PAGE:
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UPDATE 1-Taiwan cbank says currency volatility 'unavoidable', won't intervene
May 3, 2017 / 4:32 AM / 5 months ago

UPDATE 1-Taiwan cbank says currency volatility 'unavoidable', won't intervene

* Taiwan cbank urges companies to be vigilant about FX hedging

* Says stronger Taiwan dollar is due to foreign fund inflows

* Says currency level is determined by demand vs supply (Adds background)

By Faith Hung

TAIPEI, May 3 (Reuters) - Taiwan’s central bank deputy governor said on Wednesday volatility in the local currency against the U.S. dollar is “unavoidable” but that it would not intervene in response to continuing foreign fund inflows.

The central bank has been under pressure as the surging currency could cloud prospects for Taiwan’s export-driven economy.

Despite this concern, the central bank has refrained from weakening the currency through market intervention, as a precaution against the possibility of being labeled a currency manipulator by the administration of U.S. President Donald Trump.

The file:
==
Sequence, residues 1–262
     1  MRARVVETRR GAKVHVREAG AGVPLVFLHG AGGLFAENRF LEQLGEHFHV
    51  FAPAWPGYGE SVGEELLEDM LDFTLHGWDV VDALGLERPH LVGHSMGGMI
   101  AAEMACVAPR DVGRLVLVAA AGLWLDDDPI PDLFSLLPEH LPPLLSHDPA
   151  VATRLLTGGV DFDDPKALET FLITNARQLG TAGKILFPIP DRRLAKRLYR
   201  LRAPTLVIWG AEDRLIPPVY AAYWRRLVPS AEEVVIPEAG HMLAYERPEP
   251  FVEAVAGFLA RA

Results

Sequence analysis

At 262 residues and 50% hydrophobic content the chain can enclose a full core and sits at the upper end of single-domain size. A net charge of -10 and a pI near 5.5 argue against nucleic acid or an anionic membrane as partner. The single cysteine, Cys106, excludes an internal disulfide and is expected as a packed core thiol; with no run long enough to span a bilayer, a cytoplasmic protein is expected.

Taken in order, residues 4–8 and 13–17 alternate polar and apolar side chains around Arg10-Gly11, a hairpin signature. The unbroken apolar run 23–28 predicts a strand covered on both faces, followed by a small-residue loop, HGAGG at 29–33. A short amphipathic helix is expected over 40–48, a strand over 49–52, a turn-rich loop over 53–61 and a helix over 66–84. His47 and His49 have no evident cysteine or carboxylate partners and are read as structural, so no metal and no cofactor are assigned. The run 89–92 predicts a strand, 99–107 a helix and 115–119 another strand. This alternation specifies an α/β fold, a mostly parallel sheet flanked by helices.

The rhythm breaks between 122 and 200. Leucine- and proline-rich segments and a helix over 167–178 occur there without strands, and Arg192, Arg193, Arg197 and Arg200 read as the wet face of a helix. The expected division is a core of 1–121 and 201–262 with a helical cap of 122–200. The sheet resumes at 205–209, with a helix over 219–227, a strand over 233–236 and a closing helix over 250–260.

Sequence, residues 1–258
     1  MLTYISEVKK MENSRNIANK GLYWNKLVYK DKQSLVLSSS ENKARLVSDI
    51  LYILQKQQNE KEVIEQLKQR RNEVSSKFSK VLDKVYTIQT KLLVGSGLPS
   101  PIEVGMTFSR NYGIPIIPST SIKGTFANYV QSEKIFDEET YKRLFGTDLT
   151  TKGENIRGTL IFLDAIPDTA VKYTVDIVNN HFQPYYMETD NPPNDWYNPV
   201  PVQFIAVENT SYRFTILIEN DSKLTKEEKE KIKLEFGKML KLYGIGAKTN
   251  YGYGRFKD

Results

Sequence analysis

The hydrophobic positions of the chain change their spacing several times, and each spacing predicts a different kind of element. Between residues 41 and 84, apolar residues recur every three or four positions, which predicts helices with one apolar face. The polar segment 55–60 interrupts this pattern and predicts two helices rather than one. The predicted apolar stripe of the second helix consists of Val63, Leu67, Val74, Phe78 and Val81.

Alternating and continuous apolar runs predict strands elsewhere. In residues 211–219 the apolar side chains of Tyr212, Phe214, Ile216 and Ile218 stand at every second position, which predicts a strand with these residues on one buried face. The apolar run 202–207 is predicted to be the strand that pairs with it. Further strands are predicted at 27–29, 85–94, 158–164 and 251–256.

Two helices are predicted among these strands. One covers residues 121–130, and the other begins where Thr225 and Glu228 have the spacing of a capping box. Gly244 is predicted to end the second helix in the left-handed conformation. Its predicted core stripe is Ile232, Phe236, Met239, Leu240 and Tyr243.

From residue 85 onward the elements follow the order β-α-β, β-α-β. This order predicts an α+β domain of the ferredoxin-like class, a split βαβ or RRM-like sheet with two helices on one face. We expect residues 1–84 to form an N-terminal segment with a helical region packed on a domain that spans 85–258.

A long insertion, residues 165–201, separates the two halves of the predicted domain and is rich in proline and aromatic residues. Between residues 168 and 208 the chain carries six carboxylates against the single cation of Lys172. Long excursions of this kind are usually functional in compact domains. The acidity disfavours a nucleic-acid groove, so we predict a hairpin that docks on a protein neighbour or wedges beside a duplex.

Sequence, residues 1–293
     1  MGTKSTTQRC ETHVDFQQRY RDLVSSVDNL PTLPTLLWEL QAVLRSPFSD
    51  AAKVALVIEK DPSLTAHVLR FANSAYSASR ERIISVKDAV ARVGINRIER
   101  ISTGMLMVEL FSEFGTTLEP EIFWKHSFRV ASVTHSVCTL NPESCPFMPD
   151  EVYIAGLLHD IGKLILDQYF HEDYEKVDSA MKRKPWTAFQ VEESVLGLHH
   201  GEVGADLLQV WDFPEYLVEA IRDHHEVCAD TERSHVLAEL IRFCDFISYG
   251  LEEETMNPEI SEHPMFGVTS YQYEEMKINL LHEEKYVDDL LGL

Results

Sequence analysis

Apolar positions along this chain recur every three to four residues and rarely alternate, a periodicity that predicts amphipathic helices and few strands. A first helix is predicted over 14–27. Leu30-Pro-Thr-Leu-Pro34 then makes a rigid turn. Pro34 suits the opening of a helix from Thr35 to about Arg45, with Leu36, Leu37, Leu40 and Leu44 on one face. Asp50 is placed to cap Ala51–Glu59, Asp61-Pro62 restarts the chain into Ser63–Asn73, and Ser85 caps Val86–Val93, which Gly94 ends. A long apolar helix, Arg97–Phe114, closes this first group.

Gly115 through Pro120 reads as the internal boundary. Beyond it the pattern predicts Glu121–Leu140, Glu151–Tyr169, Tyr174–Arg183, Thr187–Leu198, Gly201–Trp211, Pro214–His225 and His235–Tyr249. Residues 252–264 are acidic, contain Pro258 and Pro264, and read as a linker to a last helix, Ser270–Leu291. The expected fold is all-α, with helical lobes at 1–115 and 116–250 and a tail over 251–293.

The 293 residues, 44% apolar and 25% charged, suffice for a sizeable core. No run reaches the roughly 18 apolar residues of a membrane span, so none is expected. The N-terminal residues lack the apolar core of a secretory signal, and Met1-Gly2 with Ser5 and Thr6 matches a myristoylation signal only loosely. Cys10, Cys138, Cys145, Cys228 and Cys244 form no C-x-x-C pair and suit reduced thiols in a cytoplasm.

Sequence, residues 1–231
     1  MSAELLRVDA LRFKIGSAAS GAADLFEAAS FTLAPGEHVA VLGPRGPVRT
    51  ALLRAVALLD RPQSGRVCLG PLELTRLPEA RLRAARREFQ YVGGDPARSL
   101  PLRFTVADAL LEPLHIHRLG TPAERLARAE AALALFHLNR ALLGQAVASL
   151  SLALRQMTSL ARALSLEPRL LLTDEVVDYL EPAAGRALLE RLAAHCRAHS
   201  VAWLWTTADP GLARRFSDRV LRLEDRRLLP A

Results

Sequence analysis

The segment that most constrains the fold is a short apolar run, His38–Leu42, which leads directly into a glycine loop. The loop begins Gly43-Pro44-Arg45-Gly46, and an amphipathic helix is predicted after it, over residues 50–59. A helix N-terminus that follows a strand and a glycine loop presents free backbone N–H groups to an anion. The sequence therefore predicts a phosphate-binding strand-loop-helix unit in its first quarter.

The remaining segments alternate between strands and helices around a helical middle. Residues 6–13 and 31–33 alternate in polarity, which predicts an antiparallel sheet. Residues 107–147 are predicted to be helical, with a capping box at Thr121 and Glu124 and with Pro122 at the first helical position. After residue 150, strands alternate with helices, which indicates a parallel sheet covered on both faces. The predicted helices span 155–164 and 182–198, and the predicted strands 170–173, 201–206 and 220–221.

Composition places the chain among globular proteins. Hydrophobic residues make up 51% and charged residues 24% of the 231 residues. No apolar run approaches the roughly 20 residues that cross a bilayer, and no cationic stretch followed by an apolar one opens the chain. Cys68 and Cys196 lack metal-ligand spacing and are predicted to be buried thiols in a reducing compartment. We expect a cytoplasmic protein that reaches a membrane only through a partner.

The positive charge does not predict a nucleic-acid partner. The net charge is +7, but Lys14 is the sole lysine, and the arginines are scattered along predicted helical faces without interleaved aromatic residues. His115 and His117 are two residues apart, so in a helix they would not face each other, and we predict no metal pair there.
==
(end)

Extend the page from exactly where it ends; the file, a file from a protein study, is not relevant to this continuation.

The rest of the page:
Taiwan appeared again alongside China, Japan, South Korea, Switzerland and Germany on the latest watchlist published last month of countries that the United States would monitor as potential currency manipulators.

The semi-annual U.S. Treasury currency report has singled out those trading partners for closer scrutiny in an effort to curb what the U.S. calls “unfair currency practices.”

The Taiwan dollar has strengthened about 8 percent against the U.S. dollar so far this year, making it the best-performing currency in Asia.

Earlier on Wednesday, it was traded at T$29.940, an intraday level not seen in two and half a years.

“Currency volatility is unavoidable,” deputy governor Yang Chin-long said in response to questions from lawmakers at a legislative hearing, adding that the surge can be attributed to foreign fund inflows.

“Companies must be vigilant about currency hedging,” he said, adding that the central bank would not intervene if foreign fund inflows continues.

“When the Taiwan dollar trades at T$29 - T$30 (to the U.S. dollar), the market perceives the U.S. dollar as too cheap,” he said.

“The currency exchange rate is a matter of supply versus demand.” (Additional reporting by Loh Liang-sa; Editing by Sam Holmes)

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